The DRIVERS research project seeks to address the strategic Determinants to Reduce health Inequity Via Early childhood, Realising fair employment, and Social protection. It is funded by the 7th Framework Programme (2012-2015), and focuses on three of the major drivers of health inequalities, namely early childhood development; fair employment and social protection. The main objectives of the programme are to identify and fill gaps in current knowledge; to analyse the methods which were used to assess the effects of policies on the three drivers of health inequalities discussed above (and to develop and test new methods); and to assess how findings may be applied to real-life situations, and to formulate advocacy guidance and policy recommendations with a view to reducing health inequalities.
The Research Inventory of Child Health in Europe (RICHE ) is a catalogue of EU funded child health research. The RICHE project aims to satisfy the need for a catalogue which clearly maps current child health research and the gaps which exist in that research landscape. The catalogue includes current scientific publications, grey literature, research projects and reports on child health indicators and measurements. Not only is the RICHE roadmap based on objective, scientific evidence but it also affords the opportunity for an online research community to form and engage with one another. The finalised roadmap of European funding of child health research can be found on the website .
The CHICOS project is developing an approach for all mother-child group research within Europe to be consolidated. Existing data from these mother-child research groups on outcomes and causes will be evaluated so that existing gaps in knowledge can be recognised. A long term strategy with recommendations for research can be drawn together and highlighted. Through consolidating existing research key messages from existing research can also be highlighted to national and European policy level so that policies are improved.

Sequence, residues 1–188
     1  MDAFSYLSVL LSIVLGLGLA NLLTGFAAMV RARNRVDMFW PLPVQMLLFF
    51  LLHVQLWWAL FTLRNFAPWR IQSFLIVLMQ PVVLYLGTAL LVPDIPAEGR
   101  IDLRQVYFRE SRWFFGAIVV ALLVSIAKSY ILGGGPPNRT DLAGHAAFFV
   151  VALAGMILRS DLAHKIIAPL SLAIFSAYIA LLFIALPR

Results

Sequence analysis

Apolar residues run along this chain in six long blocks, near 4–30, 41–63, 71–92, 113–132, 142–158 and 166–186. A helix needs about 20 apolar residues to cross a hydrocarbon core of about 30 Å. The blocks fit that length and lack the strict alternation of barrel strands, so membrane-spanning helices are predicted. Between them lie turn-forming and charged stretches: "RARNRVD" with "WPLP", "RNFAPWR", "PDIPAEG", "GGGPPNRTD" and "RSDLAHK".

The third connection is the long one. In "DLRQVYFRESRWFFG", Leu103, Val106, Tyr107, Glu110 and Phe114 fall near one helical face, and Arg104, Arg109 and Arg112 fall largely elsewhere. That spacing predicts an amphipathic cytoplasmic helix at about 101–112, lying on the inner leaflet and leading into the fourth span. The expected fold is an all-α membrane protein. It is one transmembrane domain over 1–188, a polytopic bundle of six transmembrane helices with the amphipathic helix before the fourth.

TACTICS is an initiative managed by the European Child safety Alliance and the collaborators involved in the project represent over 30 countries. TACTICS aims to assist with the implementation of evidence-based practices that work for the prevention of child injury. In order to do this TACTICS provides the necessary information and practical tools and resources for child injury prevention programmes to be implemented. These resources include child safety report cards for intended and unintended injury, summaries of good practice, implementation examples and a toolkit. This initiative started in April 2011 and will run through to March 2014.
The IPPOCA project (Improving Professional Practice On Child Abuse) is funded by DG Justice – European Commission and falls under the Daphne III programme. It is led by the Meyer Children Hospital in Florence (IT), with the following partners:
The project began in June 2013 and is due to run until January 2015. Its aim consists in improving knowledge and practices implemented by pediatric hospital partners’ health staff in case of a suspected child victim of abuse or maltreatment. Objectives are attained by the production of a manual based on the replies of a questionnaire set up in order to get a comprehensive picture of procedures already implemented by the three partner hospitals. Subsequently the evaluation of results is done in order to select a range of best practices already in use. This information is listed in an annex attached to the manual. The content of the manual is focused on issues regarding the abuse suspect: if a specific protocol to apply exists, who detects the suspect, who has to report it, how it is treated, if and how other professionals are involved. To reach a constructive comparison it was first necessary to understand the social and economic context as well as the law framework each partner is working in, after that it was possible to explore the diverse methodologies applied by the partner hospital health staff to recognize if a child could be a victim of an abuse or maltreatment.
In relation to this manual a teaching program was organized in each of the partner institution for its own personnel but not limited to. The main goal is improving the health care professionals’ skills to recognize and identify an abused child but also facilitating the exchange of information on specific procedure to follow, which can be reproduced also in other countries and becoming a common shared method. The health staff working on child abuse and maltreatment often employs a multidisciplinary approach, even if in different ways, so it is strictly interacting with other professionals such as social workers, police, teachers, judges and lawyers.